Posts filed under ‘Words’

Another dysphemistic retronym

Snail Mail“Snail mail” dates back to the days when bang paths were used for email (this search on Google Groups show examples of the use of “snail mail” that date back to January 1982).  As the Hacker’s Dictionary explains it:


Mail sent via the Postal Service rather than electronically,
sometimes written as one word:  SnailMail. At its worst, electronic mail usually arrives within half an hour. Compare that to the typical three days for SnailMail. If you ask a hacker for his mailing address, he will usually give you his network address for electronic mail. You have to say “What’s you SnailMail address?” if you want to send him a package.

“Snail mail” is both a dysphemism and a retronym. It’s “dysphemistic” because it’s a disparaging expression, and its a retronym because the advent of email meant we needed a term that emphasizes old school mail.   Other retronyms include “acoustic guitar” (needed since the invention of the electric version), “film camera” (the pre-digital version), and “World War I” (before the start of WWII). as well as “first wife” (don’t know who came up with that).

Snail PrintI recently send some email to a couple of friends, telling them about a story I had read in a newspaper someone had left in a restaurant.  In the email, I sent them a link to the online version of the story, and as I began to explain how I found the story, I realized I needed a way to refer to the printed newspaper version.   Since it’s almost embarrassing nowadays to read newspapers (why buy the cow when you get the milk for free?), I called it the snail print version.   After I sent the email, I got curious about how common the term “snail print” was in this era in which a week doesn’t go by without the newspaper industry reporting a layoff or a loss of advertising revenue due to the Internet.

My Internet searches for “snail print” were unsuccessful.  Does that mean no one else has ever called the old school version of news the “snail print” version?  I like “snail print” and plan on using it in the future, but  I am curious whether there’s another term with the same connotations.  Any ideas?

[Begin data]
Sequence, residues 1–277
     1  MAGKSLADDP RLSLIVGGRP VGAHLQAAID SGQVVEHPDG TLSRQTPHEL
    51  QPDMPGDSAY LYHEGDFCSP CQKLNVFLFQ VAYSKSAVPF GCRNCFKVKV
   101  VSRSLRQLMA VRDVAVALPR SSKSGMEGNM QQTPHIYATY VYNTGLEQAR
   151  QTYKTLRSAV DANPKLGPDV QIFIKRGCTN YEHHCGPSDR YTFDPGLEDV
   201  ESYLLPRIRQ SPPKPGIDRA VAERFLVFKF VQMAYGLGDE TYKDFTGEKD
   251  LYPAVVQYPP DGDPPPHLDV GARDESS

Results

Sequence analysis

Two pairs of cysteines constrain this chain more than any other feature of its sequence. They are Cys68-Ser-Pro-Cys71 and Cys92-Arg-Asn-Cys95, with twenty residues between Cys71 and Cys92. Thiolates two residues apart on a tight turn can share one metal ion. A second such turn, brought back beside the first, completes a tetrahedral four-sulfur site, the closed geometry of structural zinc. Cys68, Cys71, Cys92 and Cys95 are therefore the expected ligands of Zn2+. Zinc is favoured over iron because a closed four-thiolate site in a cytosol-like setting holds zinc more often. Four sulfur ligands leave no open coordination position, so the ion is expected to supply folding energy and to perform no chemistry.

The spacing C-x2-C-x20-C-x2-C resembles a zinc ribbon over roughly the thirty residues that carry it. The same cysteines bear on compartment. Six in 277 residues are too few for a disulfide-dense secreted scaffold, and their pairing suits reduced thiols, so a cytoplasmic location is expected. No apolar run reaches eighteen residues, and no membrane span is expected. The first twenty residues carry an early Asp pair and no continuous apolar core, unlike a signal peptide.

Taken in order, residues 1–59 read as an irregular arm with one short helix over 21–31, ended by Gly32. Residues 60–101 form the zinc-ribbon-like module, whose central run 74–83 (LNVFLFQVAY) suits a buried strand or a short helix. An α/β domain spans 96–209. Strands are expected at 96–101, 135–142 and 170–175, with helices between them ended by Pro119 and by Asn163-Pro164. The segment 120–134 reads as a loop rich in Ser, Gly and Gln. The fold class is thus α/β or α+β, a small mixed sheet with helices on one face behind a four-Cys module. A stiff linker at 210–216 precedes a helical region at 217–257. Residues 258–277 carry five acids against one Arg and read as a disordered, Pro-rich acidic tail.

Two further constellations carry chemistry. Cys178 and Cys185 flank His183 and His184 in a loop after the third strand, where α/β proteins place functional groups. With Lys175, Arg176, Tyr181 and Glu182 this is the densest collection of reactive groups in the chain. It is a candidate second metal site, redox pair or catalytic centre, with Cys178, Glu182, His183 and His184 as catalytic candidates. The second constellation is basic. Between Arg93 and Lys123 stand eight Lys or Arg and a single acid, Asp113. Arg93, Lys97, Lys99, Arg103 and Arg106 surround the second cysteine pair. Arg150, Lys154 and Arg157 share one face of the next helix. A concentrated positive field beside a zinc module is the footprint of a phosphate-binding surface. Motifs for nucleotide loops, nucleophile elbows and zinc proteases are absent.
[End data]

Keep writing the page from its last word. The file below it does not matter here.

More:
August 30, 2009 at 8:49 am 1 comment

Internet terms in French

Word of the WeekThis week’s Canadian French Word of the Week (podcast here) is actually several words, all Internet-related.

  • Naviguer sur/dans Internet: To surf the Web
  • Fureteur: Browser
  • Courriel: Email (made up of a cross between courrier, mail, and électronique, electronic)
  • Pourriel: Spam (a portmanteau of poubelle, garbage can, and courriel, email)
  • Clavarder: To chat (online)
  • Bavarder: To chat (anywhere, not just online)

The podcast is a repeat which predates Twitter, so I’m wondering what the French word is for “tweet“?

March 30, 2009 at 10:40 am Leave a comment


Obama Pumpkin 2008Apparently “pumpkinification” is a word, one with a meaning that is impossible to guess if you’re as ignorant as I am of the history of the Roman Empire.  “Pumpkinification” is a satire of someone otherwise undergoing an elevation to divine status (i.e. undergoing an apotheosis).  “Pumpkinification” is the English translation of the first word in the title of the book Apocolocyntosis divi Claudii, written by Seneca the Younger that satirizes the Roman emperor Claudius I.    Pumpkinification’s obscure meaning only makes sense if you known an ancient language or two, since “apocolocyntosis” is a play on the word “apotheosis.”

So I guess SNL was engaging in Obama pumpkinification back when Hillary supporters seem to dominate SNL and Tina Fey made her “Bitches get stuff done” comment.

January 20, 2009 at 4:09 am Leave a comment


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